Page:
Floating LNG is Coming of Age
- Michael S. Choi (ConocoPhillips)
- Document ID
- Offshore Technology Conference
- Offshore Technology Conference-Asia, 25-28 March, Kuala Lumpur, Malaysia
- Publication Date
- Document Type
- Conference Paper
- 2014. Offshore Technology Conference
- 5.2.1 Phase Behavior and PVT Measurements, 4.2.4 Risers, 4.5 Offshore Facilities and Subsea Systems, 4.1.4 Gas Processing, 4.5.4 Mooring Systems, 4.3.1 Hydrates, 4.1.6 Compressors, Engines and Turbines, 3 Production and Well Operations, 4.2 Pipelines, Flowlines and Risers, 6.5.5 Oil and Chemical Spills, 3.4.1 Inhibition and Remediation of Hydrates, Scale, Paraffin / Wax and Asphaltene
- LNG production, Mooring and risers, LNG regasification, Subsea well and controls, Floating LNG
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Global LNG trade is expected to more than double to more than 725 Mtpa by 2020. Some of the new projects will be developed with floating LNG (FLNG) technologies, perhaps even with a full floating LNG chain: FPSO for LNG production in the field, offshore LNG transfer to shuttle tankers, and floating receiving terminal that leads to the eventual gas distribution grid.
There are already many floating LNG receiving terminals operating successfully in the world. Now that construction has started on the Shell Prelude FLNG, floating LNG chain will finally be completed in 2016. Undoubtedly, more projects will follow. The economics of floating LNG is too compelling. Major cost savings can be achieved by: eliminating well head/production platform(s); processing platform to facilitate gas treating, liquids recovery and stabilization; FSO for condensate and NGL; gas compressor and pipeline to an LNG plant onshore; with a FLNG system located in the field. There are also the intangible cost savings such as efficiency gains by constructing the entire system in a ship yard, material and manpower logistics, and shorter project duration.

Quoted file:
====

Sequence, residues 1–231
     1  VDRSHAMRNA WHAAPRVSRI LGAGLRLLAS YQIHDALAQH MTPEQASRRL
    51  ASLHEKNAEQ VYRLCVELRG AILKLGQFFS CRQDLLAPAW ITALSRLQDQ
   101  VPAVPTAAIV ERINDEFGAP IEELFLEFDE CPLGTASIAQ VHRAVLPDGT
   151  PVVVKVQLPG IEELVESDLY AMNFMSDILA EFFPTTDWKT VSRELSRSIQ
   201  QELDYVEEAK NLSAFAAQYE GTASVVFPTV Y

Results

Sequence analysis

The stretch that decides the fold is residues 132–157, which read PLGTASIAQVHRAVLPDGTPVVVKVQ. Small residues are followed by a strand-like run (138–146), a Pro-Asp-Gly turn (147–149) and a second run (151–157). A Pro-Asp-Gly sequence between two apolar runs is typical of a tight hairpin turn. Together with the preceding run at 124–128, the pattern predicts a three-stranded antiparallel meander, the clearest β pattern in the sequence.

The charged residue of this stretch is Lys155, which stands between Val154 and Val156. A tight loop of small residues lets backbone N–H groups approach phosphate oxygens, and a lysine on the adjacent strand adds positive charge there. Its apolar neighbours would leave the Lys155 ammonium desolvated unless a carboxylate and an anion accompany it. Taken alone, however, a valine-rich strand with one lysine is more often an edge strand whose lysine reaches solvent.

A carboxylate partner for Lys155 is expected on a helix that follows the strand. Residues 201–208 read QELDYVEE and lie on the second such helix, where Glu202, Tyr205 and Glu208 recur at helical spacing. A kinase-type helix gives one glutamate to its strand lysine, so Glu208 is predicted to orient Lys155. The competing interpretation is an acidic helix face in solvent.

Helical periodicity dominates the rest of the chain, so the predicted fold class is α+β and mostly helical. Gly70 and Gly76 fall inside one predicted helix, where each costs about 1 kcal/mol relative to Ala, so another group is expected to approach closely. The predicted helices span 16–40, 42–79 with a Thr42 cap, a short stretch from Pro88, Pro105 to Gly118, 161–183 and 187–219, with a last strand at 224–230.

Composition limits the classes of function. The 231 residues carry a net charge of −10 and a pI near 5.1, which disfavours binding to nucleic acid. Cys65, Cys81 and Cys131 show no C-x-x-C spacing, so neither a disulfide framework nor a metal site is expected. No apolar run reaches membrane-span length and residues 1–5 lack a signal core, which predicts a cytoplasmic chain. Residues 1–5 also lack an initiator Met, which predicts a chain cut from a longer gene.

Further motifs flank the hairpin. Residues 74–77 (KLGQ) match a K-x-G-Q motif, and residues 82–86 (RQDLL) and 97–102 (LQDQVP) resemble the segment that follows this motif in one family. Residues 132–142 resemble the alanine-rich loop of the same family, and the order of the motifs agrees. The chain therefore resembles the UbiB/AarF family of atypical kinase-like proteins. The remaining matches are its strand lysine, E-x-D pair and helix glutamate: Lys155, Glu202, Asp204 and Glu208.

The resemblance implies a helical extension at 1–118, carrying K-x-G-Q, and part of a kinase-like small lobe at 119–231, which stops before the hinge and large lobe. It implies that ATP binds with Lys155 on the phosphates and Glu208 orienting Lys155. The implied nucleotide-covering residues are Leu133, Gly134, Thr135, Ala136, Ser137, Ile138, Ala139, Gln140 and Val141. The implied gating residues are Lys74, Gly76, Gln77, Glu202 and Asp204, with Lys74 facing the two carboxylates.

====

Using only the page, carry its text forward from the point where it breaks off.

Many technologies have combined to make floating LNG chain a reality. Reliable subsea well and control systems have mitigated the risks of well operations. Proven glycol (MEG) and other regenerative hydrate management systems have allowed longer tie-back distance. Cost-effective mooring systems for large FPSO, flexible flowlines and catenary risers have enable floating system of FLNG size to be considered seriously. However, it is the advances in floating LNG technologies that have evolved over the past 25 years that finally tipped the risk-reward equation. Technologies such as offshore ship-to-ship transfer, motion tolerant processing and rotating equipment, LNG spill and gas safety, and deepwater cooling have matured to an acceptable stage.
This paper will present the economic drivers that make FLNG chain attractive to producers and buyers alike, and the many conventional production technologies and those unique to FLNG that combined to enable a FLNG chain to be developed in confidence. FLNG chain should be of especial interest to Southeast Asia which benefit both as a producer and a consumer of LNG.
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